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Irish Cancer Society “shocked” at Labour attempts to remove cancer labelling from Alcohol Bill

The Irish Cancer Society has criticised the Labour Party for its decision to propose removing its own amendment to the Public Health (Alcohol) Bill. The amendment which had cross-Party agreement in passing through the Seanad, will see the link between alcohol and fatal cancers recognised on labels printed on alcohol containers and in alcohol advertising.

Mr Donal Buggy, Head of Services and Advocacy at the Irish Cancer Society said: “This is a stunning U-turn from the Labour Party on hugely important provisions in the Public Health (Alcohol) Bill, which will help inform the public of the link between alcohol and fatal cancers, so that they can make the right choices about their health.”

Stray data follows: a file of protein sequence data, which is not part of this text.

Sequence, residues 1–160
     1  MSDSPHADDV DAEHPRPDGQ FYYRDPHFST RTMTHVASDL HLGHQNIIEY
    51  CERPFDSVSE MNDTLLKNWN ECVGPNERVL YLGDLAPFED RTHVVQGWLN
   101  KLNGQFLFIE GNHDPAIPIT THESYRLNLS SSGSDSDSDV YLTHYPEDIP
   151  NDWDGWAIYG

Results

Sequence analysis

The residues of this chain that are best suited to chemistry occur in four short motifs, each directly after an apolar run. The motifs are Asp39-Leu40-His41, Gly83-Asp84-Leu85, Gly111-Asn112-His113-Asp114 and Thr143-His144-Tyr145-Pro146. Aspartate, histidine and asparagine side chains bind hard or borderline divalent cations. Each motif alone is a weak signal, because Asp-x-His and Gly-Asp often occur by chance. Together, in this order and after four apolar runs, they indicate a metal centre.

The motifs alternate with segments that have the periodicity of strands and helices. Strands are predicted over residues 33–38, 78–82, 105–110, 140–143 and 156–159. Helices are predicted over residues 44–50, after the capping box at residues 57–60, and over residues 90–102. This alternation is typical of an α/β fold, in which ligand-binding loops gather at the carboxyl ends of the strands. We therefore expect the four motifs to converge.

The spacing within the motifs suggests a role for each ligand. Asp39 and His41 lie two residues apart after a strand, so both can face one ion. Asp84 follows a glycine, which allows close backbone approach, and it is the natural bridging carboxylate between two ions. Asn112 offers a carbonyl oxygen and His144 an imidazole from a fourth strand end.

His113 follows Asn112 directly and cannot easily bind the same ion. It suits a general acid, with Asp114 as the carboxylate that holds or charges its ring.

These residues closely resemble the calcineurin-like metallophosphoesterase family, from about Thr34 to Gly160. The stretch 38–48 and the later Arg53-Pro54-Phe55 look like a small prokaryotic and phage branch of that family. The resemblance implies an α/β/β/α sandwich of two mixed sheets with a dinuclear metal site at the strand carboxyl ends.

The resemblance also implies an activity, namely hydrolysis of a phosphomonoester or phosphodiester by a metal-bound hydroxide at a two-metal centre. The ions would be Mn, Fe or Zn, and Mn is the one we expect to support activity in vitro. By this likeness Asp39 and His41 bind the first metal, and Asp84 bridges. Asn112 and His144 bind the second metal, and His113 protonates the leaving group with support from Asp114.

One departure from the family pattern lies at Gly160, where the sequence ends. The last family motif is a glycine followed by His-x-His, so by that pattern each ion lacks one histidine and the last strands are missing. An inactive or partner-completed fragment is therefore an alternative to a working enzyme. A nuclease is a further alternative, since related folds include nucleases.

“To complete such an about-face on this Bill on the verge of Committee stage in the Dáil is astonishing.  We are calling on all parties to reject this bizarre change by Labour if they have any interest in protecting public health.”

Mr. Buggy said: “People who have cancers caused by alcohol are 50% more likely to die than those with other cancers. Cancers caused by alcohol are often particularly nasty ones, which have higher chances of mortality and cost more to treat.  Cancer labelling will help establish a social understanding that alcohol is a dangerous commodity, which is currently far from being realised”.

Awareness of the link between alcohol and cancer is low, despite the 900 alcohol-related cancers, and 500 alcohol-related cancer deaths each year in Ireland. The Healthy Ireland Survey showed that only one in four women were aware of the increased risk of breast cancer from heavy drinking, while only four in ten people were aware of the link with bowel cancer.

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Source: The Medical Independent, 15/06/18 

Posted by drugs.ie on 06/15 at 03:51 PM in
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